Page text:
We're listening to the band Seguro que Si. No, you haven't seen their latest single on Spotify. Seguro Que Si is a high school band from Kissimmee, Florida, a really good high school band. And they're getting ready for what could likely be the performance of a lifetime, playing in the Inaugural Day Parade.

NPR's Greg Allen has their story.


GREG ALLEN, BYLINE: It's a nine-member band from central Florida's Osceola County School for the Arts. But teachers and administrators say the salsa band, and the notion to play in the inaugural parade, didn't come from them.

DONNA HART: This was totally the students' idea. It was Max Frost's idea.

ALLEN: Donna Hart is a counselor at the school.

HART: He's 15 and he's a sophomore here at School for the Arts. And he came to me after he did it and said, hey, I've applied and we might get this.

MAXWELL FROST: One, two, three, four. Seguro Que Si...


ALLEN: Onstage, Maxwell Frost, as he likes to be called, is animated and irrepressible as a timbale player and band leader. The band and the song are both "Seguro Que Si," "Of Course" in English. Frost says it all started as a jazz jam that took on a Latin flavor. As he added musicians, a salsa band was born.

FROST: So here we have timbales which is, you know, very traditional; congas, traditional; and bongos, which is also traditional.


ALLEN: Along with music, Frost says he also loves President Obama. He worked as a volunteer in the president's re-election campaign and was determined to attend the inauguration.

FROST: I went online. There was a link for, you know, requests to participate. And I said you know what? Maybe my band could represent the Latino community since, you know, the demographics this year with Latinos and the voting, a lot of the reason he got elected was because of the Latinos. So I said it would be cool if they can be represented in the parade.

ALLEN: On his own, the 15 -year-old applied and got letters of recommendation from the school district and from Florida Senator Bill Nelson. When the Inaugural Committee called back, Frost says he was in class.

FROST: And my pocket started vibrating and it was my phone. And I was, you know, I kind of snuck it out. I looked at the number, 202, Washington area code. So I said, Sir, I got to use the rest room.


ALLEN: He checked his voicemail and learned that Seguro Que Si was in the Inaugural Parade. One of the first people he told was bass player Daniel Chico.

DANIEL CHICO: Once he told me, I couldn't keep my mouth shut. He told me not to tell anyone. But I told the whole band anyway. I was so excited.


ANNETTE RODRIQUEZ: (Singing in foreign language)

ALLEN: In the school auditorium last week, Frost, Chico, singer Annette Rodriquez, trumpeter Sean Fernandez and the other band members gathered to rehearse?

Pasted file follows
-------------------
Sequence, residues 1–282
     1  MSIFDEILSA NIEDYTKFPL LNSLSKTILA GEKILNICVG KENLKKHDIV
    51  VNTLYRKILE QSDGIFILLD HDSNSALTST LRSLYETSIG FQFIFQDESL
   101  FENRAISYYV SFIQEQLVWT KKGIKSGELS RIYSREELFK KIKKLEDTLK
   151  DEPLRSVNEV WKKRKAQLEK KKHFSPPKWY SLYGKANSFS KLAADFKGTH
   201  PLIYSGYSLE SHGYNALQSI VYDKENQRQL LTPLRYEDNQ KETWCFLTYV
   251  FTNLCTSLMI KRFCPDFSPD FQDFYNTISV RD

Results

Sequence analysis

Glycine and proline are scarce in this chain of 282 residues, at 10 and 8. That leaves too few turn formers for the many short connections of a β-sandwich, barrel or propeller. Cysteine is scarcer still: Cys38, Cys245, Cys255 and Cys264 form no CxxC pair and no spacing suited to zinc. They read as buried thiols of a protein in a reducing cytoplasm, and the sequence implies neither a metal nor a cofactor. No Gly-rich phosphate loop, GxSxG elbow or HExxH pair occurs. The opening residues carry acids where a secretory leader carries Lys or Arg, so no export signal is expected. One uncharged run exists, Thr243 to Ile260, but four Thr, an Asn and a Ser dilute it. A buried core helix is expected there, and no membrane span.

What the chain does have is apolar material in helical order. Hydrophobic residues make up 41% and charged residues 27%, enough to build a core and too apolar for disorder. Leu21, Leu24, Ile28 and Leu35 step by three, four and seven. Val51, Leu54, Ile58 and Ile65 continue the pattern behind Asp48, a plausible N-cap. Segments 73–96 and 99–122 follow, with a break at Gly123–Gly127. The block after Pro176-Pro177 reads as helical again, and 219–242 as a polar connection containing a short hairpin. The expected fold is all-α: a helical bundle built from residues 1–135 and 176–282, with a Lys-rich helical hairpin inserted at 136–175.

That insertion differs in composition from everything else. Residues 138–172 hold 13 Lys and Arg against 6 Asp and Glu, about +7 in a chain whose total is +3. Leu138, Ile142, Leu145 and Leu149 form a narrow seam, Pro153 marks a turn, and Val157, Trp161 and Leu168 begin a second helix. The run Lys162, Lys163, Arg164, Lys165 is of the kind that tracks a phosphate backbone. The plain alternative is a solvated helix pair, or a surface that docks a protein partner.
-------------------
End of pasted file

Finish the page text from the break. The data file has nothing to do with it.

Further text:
Kissimmee has become a center for Puerto Rican culture in recent years. Seguro Que Si represents that important influence. But Maxwell Frost says not all salsa comes from Puerto Rico.

FROST: But then you have the salsa that, you know, Cuban salsa which is more like shouting and having a good time...


ALLEN: ...things like that. That's kind of Cuban salsa. You know what I mean?

Which kind do you play, Sean, when you play with the band, Puerto Rican or Cuban salsa?

SEAN FERNANDEZ: Puerto Rican for the win.



ALLEN: These warm-weather Florida teenagers aren't looking forward to playing outside in Washington temperatures, now forecast to be in the '30s or '40s. But Frost says who knows? There could be a big L.A. music producer at the parade, ready to give a hot young salsa band from Kissimmee, Florida their big break.

Greg Allen, NPR News, Miami.


ALLEN: And this is WEEKEND EDITION from NPR News. I'm Rachel Martin.


Copyright © 2013 NPR. All rights reserved. Visit our website terms of use and permissions pages at www.npr.org for further information.

NPR transcripts are created on a rush deadline by a contractor for NPR, and accuracy and availability may vary. This text may not be in its final form and may be updated or revised in the future. Please be aware that the authoritative record of NPR’s programming is the audio.



Please keep your community civil. All comments must follow the NPR.org Community rules and Terms of Use. NPR reserves the right to use the comments we receive, in whole or in part, and to use the commenter's name and location, in any medium. See also the Terms of Use, Privacy Policy and Community FAQ.